Poisoners, zealots, revolutionaries, outcasts, and warrior-assassins have been around since the beginning of time. Some killed for their beliefs or country while others did it for the money. All were specialized killers, trained to take out specific religious or political targets quickly and cleanly without widespread bloodshed.
Groups of assassins usually operated covertly; making stealth, speed, and cunning as essential a part of their arsenal of skills as weapon use. Some of these groups had no affiliations or allegiances, making them wholly neutral and socially independent, even if they had a governing agenda. Other assassins were very much part of society. Part of a broader military force, they were specialized units employed for particular purposes- on the field of battle and off it.
Whichever form they took, assassins were elite killing groups, trained to act with no regard for their safety. Here are just eight groups of assassins from the past.
The modern name for covert killers âassassin’ takes its name from this Islamic sect, which operated between the eleventh and thirteenth century AD. During that period, the Hashshashin were greatly feared, as their operatives seemed to strike from nowhere.
The origin of the name ‘Hashshashin’ is debatable, the more so because most sources for the assassins are second-hand. Marco Polo claimed it came from Hashishi, or the âHashish users’ as the Hashshashin reputedly used the drug before committing their murders. It is more likely that detractors applied the hashis reference, as Islam frowned upon the use of drugs – and the original assassins were devout Muslims.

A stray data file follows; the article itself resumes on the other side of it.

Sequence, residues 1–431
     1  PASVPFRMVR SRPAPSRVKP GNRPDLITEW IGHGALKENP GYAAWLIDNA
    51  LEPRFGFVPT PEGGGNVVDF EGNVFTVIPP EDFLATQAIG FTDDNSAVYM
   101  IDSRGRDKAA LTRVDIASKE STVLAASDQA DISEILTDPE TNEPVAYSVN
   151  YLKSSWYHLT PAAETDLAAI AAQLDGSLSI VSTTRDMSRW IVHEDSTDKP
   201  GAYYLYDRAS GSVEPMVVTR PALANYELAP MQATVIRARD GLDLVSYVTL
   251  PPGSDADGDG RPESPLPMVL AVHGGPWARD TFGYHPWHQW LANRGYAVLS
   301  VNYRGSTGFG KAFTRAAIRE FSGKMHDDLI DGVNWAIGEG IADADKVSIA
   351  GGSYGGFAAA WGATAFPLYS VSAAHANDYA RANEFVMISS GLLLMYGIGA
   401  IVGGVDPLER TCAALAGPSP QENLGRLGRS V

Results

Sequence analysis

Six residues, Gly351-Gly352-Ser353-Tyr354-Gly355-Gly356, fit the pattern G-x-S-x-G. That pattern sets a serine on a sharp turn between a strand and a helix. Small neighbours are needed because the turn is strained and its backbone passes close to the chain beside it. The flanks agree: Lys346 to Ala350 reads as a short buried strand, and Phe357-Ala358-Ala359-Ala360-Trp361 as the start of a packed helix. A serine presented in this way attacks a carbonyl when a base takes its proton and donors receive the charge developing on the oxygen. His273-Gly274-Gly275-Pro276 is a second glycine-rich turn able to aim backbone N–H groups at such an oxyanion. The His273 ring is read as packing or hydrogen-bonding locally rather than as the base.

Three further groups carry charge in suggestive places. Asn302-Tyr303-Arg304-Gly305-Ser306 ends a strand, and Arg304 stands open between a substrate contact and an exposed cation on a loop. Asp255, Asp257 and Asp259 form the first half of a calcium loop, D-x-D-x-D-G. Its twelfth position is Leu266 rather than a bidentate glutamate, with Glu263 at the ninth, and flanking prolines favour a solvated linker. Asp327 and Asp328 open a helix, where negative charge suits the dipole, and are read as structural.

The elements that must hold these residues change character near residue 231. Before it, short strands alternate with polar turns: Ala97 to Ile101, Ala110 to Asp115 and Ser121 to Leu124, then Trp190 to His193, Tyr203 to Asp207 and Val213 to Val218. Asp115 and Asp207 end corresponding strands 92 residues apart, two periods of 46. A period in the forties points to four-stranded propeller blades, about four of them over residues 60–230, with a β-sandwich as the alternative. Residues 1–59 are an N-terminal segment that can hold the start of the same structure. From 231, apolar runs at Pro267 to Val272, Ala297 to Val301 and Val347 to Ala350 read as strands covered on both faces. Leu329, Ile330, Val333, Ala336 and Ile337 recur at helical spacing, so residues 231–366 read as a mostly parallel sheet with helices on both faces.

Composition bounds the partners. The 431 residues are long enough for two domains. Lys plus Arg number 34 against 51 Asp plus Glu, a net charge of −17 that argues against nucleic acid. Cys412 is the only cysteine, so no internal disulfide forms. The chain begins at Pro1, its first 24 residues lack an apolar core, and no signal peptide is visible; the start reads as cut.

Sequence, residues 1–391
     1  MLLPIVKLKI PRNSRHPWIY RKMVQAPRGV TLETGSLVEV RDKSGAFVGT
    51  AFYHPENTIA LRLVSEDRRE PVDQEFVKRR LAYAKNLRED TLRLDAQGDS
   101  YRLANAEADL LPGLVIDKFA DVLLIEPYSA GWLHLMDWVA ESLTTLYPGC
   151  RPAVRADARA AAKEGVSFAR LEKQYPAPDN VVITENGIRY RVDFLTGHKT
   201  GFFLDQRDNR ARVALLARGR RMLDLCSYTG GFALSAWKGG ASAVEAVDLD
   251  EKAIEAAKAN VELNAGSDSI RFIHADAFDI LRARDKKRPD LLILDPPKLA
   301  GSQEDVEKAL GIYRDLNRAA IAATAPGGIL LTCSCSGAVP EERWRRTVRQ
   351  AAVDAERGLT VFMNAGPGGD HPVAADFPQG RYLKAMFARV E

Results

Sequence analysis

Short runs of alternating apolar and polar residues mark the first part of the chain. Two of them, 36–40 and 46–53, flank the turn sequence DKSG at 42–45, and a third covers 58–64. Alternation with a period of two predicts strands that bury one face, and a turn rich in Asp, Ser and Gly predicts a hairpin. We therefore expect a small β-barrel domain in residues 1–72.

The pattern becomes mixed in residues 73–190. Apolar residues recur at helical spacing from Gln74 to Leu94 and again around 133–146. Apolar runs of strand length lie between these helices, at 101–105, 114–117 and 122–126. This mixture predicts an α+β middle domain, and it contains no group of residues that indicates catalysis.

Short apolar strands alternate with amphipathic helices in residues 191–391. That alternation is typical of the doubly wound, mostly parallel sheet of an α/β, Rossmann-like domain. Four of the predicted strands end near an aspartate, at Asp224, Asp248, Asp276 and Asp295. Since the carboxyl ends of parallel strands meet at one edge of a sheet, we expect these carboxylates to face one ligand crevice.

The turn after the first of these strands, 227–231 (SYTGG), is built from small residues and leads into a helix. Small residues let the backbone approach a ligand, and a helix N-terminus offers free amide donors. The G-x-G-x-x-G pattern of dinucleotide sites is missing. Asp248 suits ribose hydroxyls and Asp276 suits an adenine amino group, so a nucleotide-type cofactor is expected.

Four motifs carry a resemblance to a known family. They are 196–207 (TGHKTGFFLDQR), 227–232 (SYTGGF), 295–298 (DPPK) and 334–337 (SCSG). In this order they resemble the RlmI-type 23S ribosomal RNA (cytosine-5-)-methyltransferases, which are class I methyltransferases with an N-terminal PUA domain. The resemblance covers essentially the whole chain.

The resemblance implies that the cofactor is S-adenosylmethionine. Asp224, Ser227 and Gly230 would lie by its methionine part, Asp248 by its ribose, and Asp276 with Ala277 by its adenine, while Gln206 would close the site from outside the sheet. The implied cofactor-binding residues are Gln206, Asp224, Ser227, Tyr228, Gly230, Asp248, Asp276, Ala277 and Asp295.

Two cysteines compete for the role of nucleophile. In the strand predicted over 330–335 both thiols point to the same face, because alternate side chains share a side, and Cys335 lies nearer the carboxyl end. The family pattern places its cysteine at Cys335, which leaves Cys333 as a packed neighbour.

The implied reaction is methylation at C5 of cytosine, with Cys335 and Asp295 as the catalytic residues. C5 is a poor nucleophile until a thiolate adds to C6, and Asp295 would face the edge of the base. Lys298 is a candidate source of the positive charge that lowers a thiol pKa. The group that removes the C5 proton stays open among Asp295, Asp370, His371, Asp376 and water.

The Hashshashin themselves referred to their sect as al-da’wa al-jadÄ«da or ânew doctrine’- a reference to their mystical roots in Shi’a Islam. They were founded in Persia in 1090 AD by Hasan I Sabbah, a leader of an Ismaili sect of Shi’a. At this time, the Shi’a were a minority ruled over by a Sunni caliphate. The Shi’a could not hope to overthrow their rival faction in open battle- so they adopted covert means. They started by establishing themselves in the mountain fortress of Alamut, ousting the King of Daylam. This castle became the headquarters for a network of Hashshashin forts stretching across modern Iran, Iraq, Syria, and Lebanon.
The Hashshashin usually chose their targets from the Sunni political hierarchy. However, they did work for hire if it suited their cause, helping the Knights Hospitallers in the Crusades by assassinating the Patriarch of Jerusalem. It was the Crusaders who carried the name âassassin’ back to Europe.
The Hashshashin studied the language and cultures of their targets so they could blend in. Then they struck. Agents could act immediately or lie in wait in disguise for years, seeking an opportune moment to strike. Each Hashshashin knew that his death would follow a hit. However, as they expected to awake in paradise, this did not trouble them.
However, the Hashshashin soon met their nemesis. By 1237, all of Persia- except for the Hashshashin‘s fortresses- was in the hands of the Mongols. The Hashshashin had pledged loyalty to the Khan. But in the mid-thirteenth century, this was tested when Mongke Khan, Genghis’s grandson, decided to invade Islamic Bagdad. The Hashshashin concluded that Mongke had gone too far. So their ally became a target.
However, the operative the Hashshashin sent to Mongke’s court was detected. In retaliation, Monhke sent his brother Hulagu to break the group. Mongol forces besieged Alamut. However, Hulagu promised clemency- if the Hashshashin‘s leader surrendered himself.
On Nov 19, 1256, the last leader of the Hashshashin gave himself up. The Mongols destroyed Alamat and paraded the defeated Hashshashin leader at each of his subordinate fortresses. They, like Alamat, submitted- and were demolished. Afterward, the Hashshashin survived in small, fractured groups. But their power was finally diminished.